Since I didn't want to play any white cards except for Day, I looked to see what other options there were for eliminating pesky creatures. I was also looking for a way to deal with Planeswalkers, and Beast Within is a perfect fit. The drawback is mostly irrelevant since this deck doesn't plan on being dealt damage once it gets rolling, so it's mostly a green Vindicate—sounds pretty good by my standards!
Having access to countermagic—especially with Snapcaster Mage in your deck—can give you the little boost you need against troublesome instants and sorceries. Against control decks it is vital to have around. I didn't want a ton in the main deck, but I definitely wanted one.
One-ofs take on a new meaning in a deck like Turbo-Fog. In this style of deck, you will often see most of your deck during a game. That means the difference between a one-of and none-of a card is tremendous. You can set up and build the game toward using a one-of with a surprising degree of success. Building the game toward utilizing a card not in your deck... is not something I recommend. This deck might have a higher density of one-ofs than normal, but for once it's not just because they're sweet—this deck has a very good reason for doing so.
Tamiyo, the Moon Sage and Jace, Memory Adept
Planeswalkers interact incredibly well with fog effects. This collection of fogs doesn't let your Planeswalkers be dealt damage either, meaning they can build up loyalty without any concern.
Tamiyo, the Moon Sage | Art by Eric Deschamps
Out of all the Planeswalkers in standard, there are several good choices including Garruk, Primal Hunter and Gideon Jura—who acts as a kind of fog himself. However, with limited room, Jace and Tamiyo were the two for the job.
Tamiyo is the main Planeswalker weapon of this deck, and all three of her abilities are incredibly useful. Her +1 locks down a single creature, allowing you to preserve your fogs if your opponent just has a single creature on the board.
Tamiyo's -2 is also extremely good, because your opponent will be attacking each turn to try and break through your wall of fogs. Attack with one creature to not let me draw cards with Tamiyo? Maybe I can just afford to take the hit and not spend a fog. Attack with all of them? Fog, then untap and draw four cards. Tamiyo is fantastic at supporting the fog strategy.
And then there's her ultimate. Her ultimate should completely lock up the game. It means you have an endless supply of fogs—and if you have Blunt the Assault, also a repeated source of life. While your opponents might have outs to just repeated fogs, Dissipate and Beast Within should ensure they can't meddle in your affairs any further by either countering every single one of their spells or turning each of their permanents into a 3/3.
Jace, on the other hand, is just a one-of, but he serves as a way to speed up your route to victory. He can draw you an extra card each turn in a pinch and then deck your opponent with the draw-twenty, but more often he will just mill the opponent out. If you can just stall for three or four turns via fogs, the game should end thanks to his +0 ability.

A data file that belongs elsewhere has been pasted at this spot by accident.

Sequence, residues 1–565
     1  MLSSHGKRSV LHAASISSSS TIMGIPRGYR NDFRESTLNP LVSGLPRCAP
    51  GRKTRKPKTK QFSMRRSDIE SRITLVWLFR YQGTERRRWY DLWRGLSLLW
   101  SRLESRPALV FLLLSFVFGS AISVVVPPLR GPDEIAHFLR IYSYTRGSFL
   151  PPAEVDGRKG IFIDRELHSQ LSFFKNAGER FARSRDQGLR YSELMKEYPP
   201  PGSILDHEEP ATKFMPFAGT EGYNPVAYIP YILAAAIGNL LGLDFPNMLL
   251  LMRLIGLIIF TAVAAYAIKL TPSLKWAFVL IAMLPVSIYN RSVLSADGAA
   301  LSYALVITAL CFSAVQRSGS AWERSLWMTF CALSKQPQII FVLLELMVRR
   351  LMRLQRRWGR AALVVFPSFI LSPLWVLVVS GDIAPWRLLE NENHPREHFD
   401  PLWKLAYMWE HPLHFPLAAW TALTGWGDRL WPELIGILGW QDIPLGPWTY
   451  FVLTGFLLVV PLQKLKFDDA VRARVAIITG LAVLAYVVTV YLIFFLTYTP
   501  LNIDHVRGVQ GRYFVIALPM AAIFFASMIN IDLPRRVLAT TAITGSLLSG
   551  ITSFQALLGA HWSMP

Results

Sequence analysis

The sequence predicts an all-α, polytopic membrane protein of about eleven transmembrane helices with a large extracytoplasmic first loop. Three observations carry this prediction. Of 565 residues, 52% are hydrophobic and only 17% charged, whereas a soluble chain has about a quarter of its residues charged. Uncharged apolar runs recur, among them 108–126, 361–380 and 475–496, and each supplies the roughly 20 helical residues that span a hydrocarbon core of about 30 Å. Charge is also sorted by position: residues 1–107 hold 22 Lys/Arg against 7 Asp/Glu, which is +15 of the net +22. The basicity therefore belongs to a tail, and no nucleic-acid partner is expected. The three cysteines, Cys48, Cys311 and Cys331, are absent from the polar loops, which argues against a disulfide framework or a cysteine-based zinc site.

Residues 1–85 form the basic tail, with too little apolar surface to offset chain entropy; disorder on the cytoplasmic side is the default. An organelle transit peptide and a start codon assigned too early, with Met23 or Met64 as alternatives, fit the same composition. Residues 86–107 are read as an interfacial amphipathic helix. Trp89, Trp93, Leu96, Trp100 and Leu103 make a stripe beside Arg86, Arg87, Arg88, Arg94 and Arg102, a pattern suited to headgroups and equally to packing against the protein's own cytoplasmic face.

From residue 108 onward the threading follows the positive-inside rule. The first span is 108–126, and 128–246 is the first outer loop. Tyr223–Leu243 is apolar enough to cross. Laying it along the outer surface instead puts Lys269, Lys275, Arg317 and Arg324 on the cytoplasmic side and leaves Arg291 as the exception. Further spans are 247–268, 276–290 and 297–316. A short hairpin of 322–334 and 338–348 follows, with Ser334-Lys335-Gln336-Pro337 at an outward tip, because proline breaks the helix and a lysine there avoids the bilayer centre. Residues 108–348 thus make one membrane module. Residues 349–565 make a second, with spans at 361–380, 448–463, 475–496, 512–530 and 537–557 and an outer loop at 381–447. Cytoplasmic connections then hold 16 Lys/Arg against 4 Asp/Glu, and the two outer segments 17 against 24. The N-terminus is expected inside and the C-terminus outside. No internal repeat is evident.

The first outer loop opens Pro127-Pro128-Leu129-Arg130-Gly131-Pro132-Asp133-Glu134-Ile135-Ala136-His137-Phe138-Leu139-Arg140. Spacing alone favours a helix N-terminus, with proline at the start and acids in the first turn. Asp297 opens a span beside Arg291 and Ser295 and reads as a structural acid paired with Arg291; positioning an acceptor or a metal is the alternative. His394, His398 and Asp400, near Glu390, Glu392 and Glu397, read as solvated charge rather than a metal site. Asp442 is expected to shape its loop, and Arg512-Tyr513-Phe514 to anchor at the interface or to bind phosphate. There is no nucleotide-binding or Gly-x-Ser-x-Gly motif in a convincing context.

With those updates noted, here's the final decklist:
If the mana for blue-green was better, I would definitely play four copies of Glimmerpost. Unfortunately, it is not—but if red burn is really prevalent in your metagame, you can give it a try to help you out.
What is each card in the sideboard for? Let's me run down each one.
Your Game 1 matchups are generally pretty good. After sideboarding, you need to be prepared, though, and catch-all answers go a long way there. Countermagic is generally a great fit for this kind of deck, and so Dissipate and Negate fill that role nicely. Your control matchups can become difficult if they have a bunch of answers for your game plan, but by piling on the countermagic you can deal with each of their threats in turn.
Jace, Memory Adept is to go on the "aggressive," usually against control decks. More on that below!
Birthing Pod is a matchup that can give us trouble because of chaining Acidic Slimes and shutting off our engine. I favor Grafdigger's Cage over Torpor Orb here; the Cage forces them to use any Ancient Grudges they have on it before targeting Atlas.
The fourth Beast Within just supplements the other three for when you really need to get rid of permanents.
Finally, Witchbane Orb is for red burn decks. Traditionally, burn decks have been horrendous matchups for Turbo-Fog because your fogs don't help you. However, with the Orb around, they can't burn you at all! That makes it easy for your fogs to hold off their creatures and to easily take down the match.
Now, for how to sideboard against each archetype!
-1 Noxious Revival
Game 1 against beatdown decks is usually very favorable for you. After sideboarding, things might get a little trickier depending on what your opponents have. If they're red-green, they will likely have Ancient Grudge to throw a wrench into your plans. I would generally keep your main deck nearly the same and then, if they force Game 3, sideboard cards in to fight whatever hate they had for you.